Meanwhile, with paintings and special small drawings Zaha continued to lead from the front. She has also been smart enough to pull in some formidable computational talent without being phased by its ways. Thus the evolution of the ‘flowing’ rather than spikey architecture crept up upon us in stages, as did the scale of her commissions, but in most cases, they remained clear in identity and control. When you entered the Fire Station at Vitra, you were conscious of being inside one of those early drawings and yes, it could be done. Yet at perhaps its highest, those of us lucky enough to see the Heydar Aliyev Center in Baku in the flesh, can surely never have been in such a dream-like space, with its totality, its enormous internal ramp and dart-like lights seeming to have come from a vocabulary that lies so far beyond the normal architecture that we assess or rationalize.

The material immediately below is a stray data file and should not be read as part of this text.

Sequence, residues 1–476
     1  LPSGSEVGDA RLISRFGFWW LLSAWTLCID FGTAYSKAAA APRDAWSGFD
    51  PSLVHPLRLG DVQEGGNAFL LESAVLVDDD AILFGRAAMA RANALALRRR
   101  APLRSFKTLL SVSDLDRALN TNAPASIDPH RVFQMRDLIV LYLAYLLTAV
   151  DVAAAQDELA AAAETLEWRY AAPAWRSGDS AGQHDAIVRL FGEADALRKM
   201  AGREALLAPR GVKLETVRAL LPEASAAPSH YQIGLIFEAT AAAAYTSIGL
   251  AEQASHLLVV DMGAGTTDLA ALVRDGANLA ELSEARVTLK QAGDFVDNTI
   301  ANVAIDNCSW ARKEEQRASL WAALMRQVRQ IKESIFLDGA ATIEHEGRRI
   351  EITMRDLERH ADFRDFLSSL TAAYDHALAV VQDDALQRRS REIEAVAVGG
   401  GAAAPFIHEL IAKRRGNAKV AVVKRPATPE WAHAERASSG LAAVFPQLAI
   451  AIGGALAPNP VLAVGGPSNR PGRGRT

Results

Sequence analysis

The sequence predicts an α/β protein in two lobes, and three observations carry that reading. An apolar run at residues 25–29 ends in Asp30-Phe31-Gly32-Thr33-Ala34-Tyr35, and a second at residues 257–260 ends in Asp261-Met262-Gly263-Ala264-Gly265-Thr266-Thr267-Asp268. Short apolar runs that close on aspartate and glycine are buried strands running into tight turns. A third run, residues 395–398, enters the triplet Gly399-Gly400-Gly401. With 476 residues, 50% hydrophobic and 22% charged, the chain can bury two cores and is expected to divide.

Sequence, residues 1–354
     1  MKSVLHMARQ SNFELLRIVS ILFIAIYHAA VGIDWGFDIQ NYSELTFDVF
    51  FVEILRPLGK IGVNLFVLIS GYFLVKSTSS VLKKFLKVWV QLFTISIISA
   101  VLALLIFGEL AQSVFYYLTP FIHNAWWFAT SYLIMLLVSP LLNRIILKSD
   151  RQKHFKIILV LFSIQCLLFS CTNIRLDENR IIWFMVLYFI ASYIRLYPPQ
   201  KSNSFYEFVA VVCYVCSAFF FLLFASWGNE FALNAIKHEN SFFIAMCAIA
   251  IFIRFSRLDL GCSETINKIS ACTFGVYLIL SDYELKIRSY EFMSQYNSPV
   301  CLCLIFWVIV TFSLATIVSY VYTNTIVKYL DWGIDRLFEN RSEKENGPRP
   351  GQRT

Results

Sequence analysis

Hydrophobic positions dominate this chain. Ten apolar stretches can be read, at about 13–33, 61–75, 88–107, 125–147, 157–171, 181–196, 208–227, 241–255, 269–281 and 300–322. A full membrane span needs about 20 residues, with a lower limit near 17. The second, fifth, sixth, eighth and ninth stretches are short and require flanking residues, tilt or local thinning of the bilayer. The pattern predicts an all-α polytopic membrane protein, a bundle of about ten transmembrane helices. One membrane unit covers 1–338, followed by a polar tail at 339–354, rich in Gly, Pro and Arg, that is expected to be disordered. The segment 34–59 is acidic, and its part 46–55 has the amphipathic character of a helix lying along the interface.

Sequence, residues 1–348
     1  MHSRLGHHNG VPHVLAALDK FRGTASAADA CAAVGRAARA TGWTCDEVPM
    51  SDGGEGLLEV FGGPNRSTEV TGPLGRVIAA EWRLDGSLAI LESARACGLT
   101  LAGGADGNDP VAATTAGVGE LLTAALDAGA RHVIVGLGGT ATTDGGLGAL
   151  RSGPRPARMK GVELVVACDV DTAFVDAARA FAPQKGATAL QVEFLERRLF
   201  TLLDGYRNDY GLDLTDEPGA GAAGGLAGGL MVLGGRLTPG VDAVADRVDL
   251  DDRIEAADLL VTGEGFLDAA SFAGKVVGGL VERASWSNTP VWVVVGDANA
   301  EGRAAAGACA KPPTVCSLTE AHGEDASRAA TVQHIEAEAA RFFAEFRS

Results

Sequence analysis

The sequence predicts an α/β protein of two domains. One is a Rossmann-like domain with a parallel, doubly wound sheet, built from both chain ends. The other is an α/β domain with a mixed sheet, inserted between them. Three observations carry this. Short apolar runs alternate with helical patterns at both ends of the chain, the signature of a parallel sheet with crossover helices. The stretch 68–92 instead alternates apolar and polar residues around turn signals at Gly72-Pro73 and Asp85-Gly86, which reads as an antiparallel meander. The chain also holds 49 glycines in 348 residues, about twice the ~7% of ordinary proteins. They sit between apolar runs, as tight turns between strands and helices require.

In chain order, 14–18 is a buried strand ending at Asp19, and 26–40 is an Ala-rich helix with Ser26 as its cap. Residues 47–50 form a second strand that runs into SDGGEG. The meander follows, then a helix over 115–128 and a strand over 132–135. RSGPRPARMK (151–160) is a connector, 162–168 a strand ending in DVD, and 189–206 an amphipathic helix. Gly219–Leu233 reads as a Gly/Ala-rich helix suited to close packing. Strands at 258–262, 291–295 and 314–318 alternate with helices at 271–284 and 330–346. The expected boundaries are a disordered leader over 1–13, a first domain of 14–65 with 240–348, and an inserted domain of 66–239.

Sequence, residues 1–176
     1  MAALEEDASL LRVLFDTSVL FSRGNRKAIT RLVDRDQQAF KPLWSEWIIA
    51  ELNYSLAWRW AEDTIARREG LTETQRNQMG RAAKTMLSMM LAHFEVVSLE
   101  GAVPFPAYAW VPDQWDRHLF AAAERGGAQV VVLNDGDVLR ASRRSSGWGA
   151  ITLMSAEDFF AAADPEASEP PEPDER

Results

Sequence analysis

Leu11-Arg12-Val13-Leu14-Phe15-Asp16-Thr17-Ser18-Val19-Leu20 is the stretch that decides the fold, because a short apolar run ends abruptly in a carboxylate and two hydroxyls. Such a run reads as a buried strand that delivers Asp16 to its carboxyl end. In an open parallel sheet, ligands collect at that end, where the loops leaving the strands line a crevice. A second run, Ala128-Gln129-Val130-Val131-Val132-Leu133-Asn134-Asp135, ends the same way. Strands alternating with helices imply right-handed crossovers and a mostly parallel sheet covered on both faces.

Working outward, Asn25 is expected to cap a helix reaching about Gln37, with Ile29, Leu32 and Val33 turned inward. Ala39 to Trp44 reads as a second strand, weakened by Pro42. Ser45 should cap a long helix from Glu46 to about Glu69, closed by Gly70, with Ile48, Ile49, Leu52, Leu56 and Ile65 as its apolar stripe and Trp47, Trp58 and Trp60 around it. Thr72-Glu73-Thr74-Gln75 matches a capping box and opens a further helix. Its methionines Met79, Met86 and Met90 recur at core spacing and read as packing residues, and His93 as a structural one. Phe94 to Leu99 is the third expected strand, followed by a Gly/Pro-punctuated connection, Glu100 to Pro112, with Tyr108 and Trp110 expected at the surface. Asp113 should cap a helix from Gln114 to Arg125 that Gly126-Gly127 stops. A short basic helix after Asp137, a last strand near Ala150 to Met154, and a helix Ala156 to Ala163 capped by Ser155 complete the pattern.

So we are presenting her with this Medal as a British Institution: and as a Dame Commander of the Order of the British Empire: thus she might seem to be a member of our British Establishment. Yet in reality, many of our chattering classes and not a few fellow architects have treated her with characteristic faint praise, and when she heroically won the Cardiff Opera House competition, blocking the scheme. Or when we awarded her the RIBA Stirling Prize for the school in South London – her second win in a row – we, the jury, were loudly derided by a number of distinguished architects. Of course, in our culture of circumspection and modesty her work is certainly not modest, and she herself is the opposite of modest. Indeed her vociferous criticism of poor work or stupidity recalls the line-side comments of the tennis player John McEnroe. Yet this is surely characteristic of the seriousness with which she takes the whole business: sloppiness and waywardness pain her and she cannot play the comfy British game of platitudinous waffle that is the preferred cushion adopted by many people of achievement or power. Her methods and perhaps much of her psychology remain Mesopotamian and not a little scary: but certainly clear. As a result, it is perhaps a little lonely there up at the top, surrounded now by some very considerable talent in the office, but feared somewhat and distanced from the young.